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Revolutionary War Records
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The American revolutionary era began in 1763, after a series of victories by British forces at the conclusion of the French and Indian War ended the French military threat to British North American colonies. Adopting the policy that the colonies should pay an increased proportion of the costs associated with keeping them in the Empire, Britain imposed a series of direct taxes followed by other laws intended to demonstrate British authority, all of which proved extremely unpopular in America. Because the colonies lacked elected representation in the governing British Parliament, many colonists considered the laws to be illegitimate and a violation of their rights as Englishmen. In 1772, groups of colonists began to create Committees of Correspondence, which would lead to their own Provincial Congresses in most of the colonies. In the course of two years, the Provincial Congresses or their equivalents rejected the Parliament and effectively replaced the British ruling apparatus in the former colonies, culminating in 1774 with the coordinating First Continental Congress. In response to protests in Boston over Parliament’s attempts to assert authority, the British sent combat troops, dissolved local governments, and imposed direct rule by Royal officials. Consequently, the Colonies mobilized their militias, and fighting broke out in 1775. First ostensibly loyal to King George III, the repeated pleas by the First Continental Congress for royal intervention on their behalf with Parliament resulted in the declaration by the King that the states were “in rebellion”, and the members of Congress were traitors. In 1776, representatives from each of the original thirteen states voted unanimously in the Second Continental Congress to adopt a Declaration of Independence, which now rejected the British monarchy in addition to its Parliament. The Declaration established the United States, which was originally governed as a loose confederation through a representative democracy selected by state legislatures.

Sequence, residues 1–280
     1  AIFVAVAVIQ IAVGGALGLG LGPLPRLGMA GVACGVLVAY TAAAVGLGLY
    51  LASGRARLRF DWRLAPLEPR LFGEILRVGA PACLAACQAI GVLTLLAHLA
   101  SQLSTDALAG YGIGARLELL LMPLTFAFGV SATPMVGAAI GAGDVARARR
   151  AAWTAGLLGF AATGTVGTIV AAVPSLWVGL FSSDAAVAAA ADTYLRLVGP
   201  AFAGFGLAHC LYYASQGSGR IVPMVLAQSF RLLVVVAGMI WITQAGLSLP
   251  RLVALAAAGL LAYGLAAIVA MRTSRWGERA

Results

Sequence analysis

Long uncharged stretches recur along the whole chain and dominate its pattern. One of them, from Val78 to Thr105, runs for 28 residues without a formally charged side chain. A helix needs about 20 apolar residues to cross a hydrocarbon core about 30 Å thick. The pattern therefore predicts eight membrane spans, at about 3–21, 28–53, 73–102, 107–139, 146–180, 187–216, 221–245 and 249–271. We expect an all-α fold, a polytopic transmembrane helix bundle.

You should check the following sites for County information for Service Records, Pension, Unit Histories, Census, Cemetery and History.
Battles Of The Revolutionary War: 1775-1781 – The Americans did not simply outlast the British in the Revolutionary War, contends this author in a groundbreaking study, but won their independence by employing superior strategies, tactics, and leadership.
A Narrative of a Revolutionary Soldier – In this first-hand account of the Revolutionary War, Joseph Plumb Martin narrates his true adventures as an eighteen-year-old private in the Continental Army-and gives a rare glimpse of the earthy beginnings of our nation’s history.
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